Home Repairs: What’s the Seller’s Job?
Buying a home can be a complicated process. There are many different elements buyers need to consider carefully, and it can all get confusing fast. One aspect of buying a home many aspiring owners wonder about is repairs and renovations. When you have your potential home inspected, the odds are good something will come up as needing attention. Do you ask the seller to make the change, or simply negotiate down the price? There’s no one right answer. Here’s a look at everything you need to consider when working with sellers:
If the issue in question is going to seriously affect the home’s livability, it often makes the most sense to ask the seller to fix the issue. For example, if your inspector flags the HVAC system, you’ll probably want that problem addressed before you move in. For most people, this will mean assigning the task to the seller.
If you have wiggle room on your timeline and are willing to take on the task yourself, however, you may be able to make your offer more appealing. However, make sure you thoroughly research what kind of HVAC system the house has so you know what kind of costs to take off the offer price. Installing a new furnace can cost as much as $6,149 — though mini-split and geothermal units will easily cost you double that amount. As such, it’s important to do a little legwork to determine which type of unit best suits your home.
When you’re debating whether to ask a seller to make repairs or simply negotiate down the price, make sure you consider the implications of both options. Sellers will often prefer to lower the selling price, as this makes the process faster and less work for them. If you have a particularly motivated seller, you may be able to lower the price substantially and get a much better deal. This means you’ll face smaller monthly payments for the lifetime of your loan. It also means you’ll accrue less interest, so more of that money will go toward the house itself.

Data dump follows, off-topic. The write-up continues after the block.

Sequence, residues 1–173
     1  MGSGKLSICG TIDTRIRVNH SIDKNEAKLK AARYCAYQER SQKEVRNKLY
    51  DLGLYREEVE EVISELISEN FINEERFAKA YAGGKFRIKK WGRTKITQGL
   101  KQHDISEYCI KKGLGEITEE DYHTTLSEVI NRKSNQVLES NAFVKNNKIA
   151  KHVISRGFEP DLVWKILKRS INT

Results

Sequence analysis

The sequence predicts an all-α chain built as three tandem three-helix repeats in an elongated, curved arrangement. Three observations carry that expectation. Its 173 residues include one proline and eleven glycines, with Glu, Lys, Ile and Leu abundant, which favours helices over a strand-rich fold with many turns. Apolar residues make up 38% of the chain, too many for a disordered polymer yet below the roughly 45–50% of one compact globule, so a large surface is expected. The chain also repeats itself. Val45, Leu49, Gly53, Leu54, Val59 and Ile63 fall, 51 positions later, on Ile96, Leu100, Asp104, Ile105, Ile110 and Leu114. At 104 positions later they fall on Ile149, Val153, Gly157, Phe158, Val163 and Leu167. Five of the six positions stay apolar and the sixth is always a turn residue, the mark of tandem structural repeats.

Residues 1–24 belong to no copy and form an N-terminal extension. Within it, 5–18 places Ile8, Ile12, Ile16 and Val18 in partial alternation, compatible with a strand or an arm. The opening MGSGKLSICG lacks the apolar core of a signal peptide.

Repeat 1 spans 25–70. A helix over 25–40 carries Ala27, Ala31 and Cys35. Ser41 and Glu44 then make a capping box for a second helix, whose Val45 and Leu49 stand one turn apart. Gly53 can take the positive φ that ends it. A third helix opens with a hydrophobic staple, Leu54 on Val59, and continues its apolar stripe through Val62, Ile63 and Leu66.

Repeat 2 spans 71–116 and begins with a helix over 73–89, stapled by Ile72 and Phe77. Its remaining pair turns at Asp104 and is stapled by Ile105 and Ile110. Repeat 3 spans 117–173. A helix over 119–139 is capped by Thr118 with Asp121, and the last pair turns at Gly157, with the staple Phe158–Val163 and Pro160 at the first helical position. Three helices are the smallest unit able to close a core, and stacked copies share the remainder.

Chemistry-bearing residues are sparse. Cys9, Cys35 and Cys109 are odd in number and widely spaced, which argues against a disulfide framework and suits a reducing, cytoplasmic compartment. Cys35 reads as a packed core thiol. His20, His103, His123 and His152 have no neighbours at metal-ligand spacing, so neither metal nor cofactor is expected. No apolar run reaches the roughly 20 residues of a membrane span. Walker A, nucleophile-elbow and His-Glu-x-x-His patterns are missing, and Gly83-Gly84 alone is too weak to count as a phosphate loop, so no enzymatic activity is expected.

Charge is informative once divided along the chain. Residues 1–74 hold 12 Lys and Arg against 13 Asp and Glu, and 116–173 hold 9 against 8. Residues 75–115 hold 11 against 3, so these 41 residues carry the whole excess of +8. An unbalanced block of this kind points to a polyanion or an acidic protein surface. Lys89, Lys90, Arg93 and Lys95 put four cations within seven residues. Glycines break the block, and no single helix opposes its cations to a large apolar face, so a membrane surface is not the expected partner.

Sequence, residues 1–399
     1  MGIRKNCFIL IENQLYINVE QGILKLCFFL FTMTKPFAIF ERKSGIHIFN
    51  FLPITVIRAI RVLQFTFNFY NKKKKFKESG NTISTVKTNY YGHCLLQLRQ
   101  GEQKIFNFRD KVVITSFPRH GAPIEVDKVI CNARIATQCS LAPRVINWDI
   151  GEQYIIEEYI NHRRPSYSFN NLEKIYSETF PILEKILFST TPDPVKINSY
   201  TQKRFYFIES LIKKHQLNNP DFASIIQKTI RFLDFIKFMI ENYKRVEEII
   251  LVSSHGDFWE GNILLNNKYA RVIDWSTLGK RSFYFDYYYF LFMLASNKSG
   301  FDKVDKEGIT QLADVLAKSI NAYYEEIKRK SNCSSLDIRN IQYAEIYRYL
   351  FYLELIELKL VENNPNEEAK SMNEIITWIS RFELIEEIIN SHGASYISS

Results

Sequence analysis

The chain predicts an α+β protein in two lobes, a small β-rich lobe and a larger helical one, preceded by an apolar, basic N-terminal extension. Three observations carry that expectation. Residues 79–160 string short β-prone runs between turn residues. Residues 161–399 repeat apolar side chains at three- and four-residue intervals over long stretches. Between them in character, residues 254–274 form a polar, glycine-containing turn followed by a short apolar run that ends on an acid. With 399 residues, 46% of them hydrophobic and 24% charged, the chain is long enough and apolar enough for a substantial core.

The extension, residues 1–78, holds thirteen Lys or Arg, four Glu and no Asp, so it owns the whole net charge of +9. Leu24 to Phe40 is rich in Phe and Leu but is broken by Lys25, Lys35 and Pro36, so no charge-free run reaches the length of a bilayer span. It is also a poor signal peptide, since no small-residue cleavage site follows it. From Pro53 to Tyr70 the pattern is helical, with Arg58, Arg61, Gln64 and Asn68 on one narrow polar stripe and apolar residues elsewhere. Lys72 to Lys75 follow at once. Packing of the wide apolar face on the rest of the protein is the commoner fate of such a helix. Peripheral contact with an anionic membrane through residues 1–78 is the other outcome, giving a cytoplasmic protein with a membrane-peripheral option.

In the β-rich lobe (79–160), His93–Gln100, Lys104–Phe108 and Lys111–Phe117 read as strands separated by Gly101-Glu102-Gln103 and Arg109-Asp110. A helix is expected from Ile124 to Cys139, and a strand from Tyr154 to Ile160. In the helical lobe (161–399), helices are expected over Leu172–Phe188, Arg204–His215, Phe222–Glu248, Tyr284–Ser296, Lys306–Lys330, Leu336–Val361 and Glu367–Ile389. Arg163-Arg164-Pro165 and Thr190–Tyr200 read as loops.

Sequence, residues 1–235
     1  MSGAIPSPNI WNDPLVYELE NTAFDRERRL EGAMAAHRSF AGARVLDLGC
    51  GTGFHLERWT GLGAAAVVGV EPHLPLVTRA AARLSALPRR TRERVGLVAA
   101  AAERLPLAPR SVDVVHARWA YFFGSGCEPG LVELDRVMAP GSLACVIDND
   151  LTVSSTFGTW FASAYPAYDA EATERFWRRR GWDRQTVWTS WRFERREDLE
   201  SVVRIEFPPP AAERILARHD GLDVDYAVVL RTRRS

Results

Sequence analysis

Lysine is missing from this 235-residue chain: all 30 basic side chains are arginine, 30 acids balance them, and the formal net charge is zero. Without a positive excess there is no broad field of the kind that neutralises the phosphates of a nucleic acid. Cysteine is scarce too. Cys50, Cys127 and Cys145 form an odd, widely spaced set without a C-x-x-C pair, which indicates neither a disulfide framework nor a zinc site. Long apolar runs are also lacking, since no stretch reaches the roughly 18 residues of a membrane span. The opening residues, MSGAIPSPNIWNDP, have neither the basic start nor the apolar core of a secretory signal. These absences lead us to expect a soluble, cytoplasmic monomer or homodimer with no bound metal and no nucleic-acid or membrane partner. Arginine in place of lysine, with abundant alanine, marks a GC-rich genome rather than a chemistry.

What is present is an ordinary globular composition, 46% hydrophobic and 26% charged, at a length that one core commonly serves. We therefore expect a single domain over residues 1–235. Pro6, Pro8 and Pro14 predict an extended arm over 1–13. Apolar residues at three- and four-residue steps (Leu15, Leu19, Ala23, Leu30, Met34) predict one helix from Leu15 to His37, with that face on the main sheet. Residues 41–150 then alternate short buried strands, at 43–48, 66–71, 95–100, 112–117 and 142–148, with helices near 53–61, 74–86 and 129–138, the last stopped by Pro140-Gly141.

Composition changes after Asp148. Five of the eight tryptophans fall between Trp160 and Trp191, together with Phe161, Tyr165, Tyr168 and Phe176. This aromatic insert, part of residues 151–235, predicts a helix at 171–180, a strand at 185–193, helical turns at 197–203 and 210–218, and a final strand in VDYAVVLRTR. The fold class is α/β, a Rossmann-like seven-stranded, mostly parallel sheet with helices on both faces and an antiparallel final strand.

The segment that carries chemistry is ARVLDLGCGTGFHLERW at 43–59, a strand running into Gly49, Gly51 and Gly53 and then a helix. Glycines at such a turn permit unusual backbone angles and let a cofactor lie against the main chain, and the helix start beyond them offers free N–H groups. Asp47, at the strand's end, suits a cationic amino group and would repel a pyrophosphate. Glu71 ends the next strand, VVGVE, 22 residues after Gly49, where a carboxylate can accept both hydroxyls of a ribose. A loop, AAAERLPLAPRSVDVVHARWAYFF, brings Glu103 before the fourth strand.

However, if you don’t have the funds in pocket to handle the issue, this may not be a good call. Serious issues that need to be addressed quickly, such as partially finished flooring, will cost you money upfront. Make sure you factor this into your closing costs to get a full picture of what kind of expenses you can expect in your immediate future.
If you’re considering any homes that are being sold as-is, it’s important to know what you’re getting into. In these situations, you will be unable to ask the seller to make any changes to the home during negotiations (with the exception of serious safety issues, discussed further below). You’re buying the house exactly as it currently exists, no tweaks or upgrades.
Generally, these have a much lower price point, and you can always try to negotiate that price point lower if more issues come up on inspections than you anticipated. “As-is” offers can be attractive to a buyer who is willing to take on some work to make their dream home a reality. However, make sure you get the full picture before you move into the final stages of selling.
There are some things that come up in an inspection that the seller must address, no matter what. Any problems that are considered serious structural or safety issues or that violate building codes must be fixed before lenders will release the funds for sale. It’s important to get an inspector you can trust to check for these issues, as they can cause serious safety concerns — not to mention, they’ll become your responsibility if they’re missed in the sale.
Buying a home is an exciting process, but it also comes with a heavy dose of difficult decisions. Negotiations can be a stressful process, but remember to keep the big picture in mind. Find an option that works well for you, and hopefully, it will help you create your perfect home!
Written by Natalie Jones on behalf of Patrick Stracuzzi.